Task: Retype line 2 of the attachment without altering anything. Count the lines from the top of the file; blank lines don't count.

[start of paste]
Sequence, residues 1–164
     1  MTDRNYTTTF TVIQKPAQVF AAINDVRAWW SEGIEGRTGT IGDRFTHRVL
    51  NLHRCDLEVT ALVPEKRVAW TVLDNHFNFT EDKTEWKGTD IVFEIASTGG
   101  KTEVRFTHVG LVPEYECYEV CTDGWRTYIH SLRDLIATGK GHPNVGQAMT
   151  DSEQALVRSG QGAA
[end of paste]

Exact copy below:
     1  MTDRNYTTTF TVIQKPAQVF AAINDVRAWW SEGIEGRTGT IGDRFTHRVL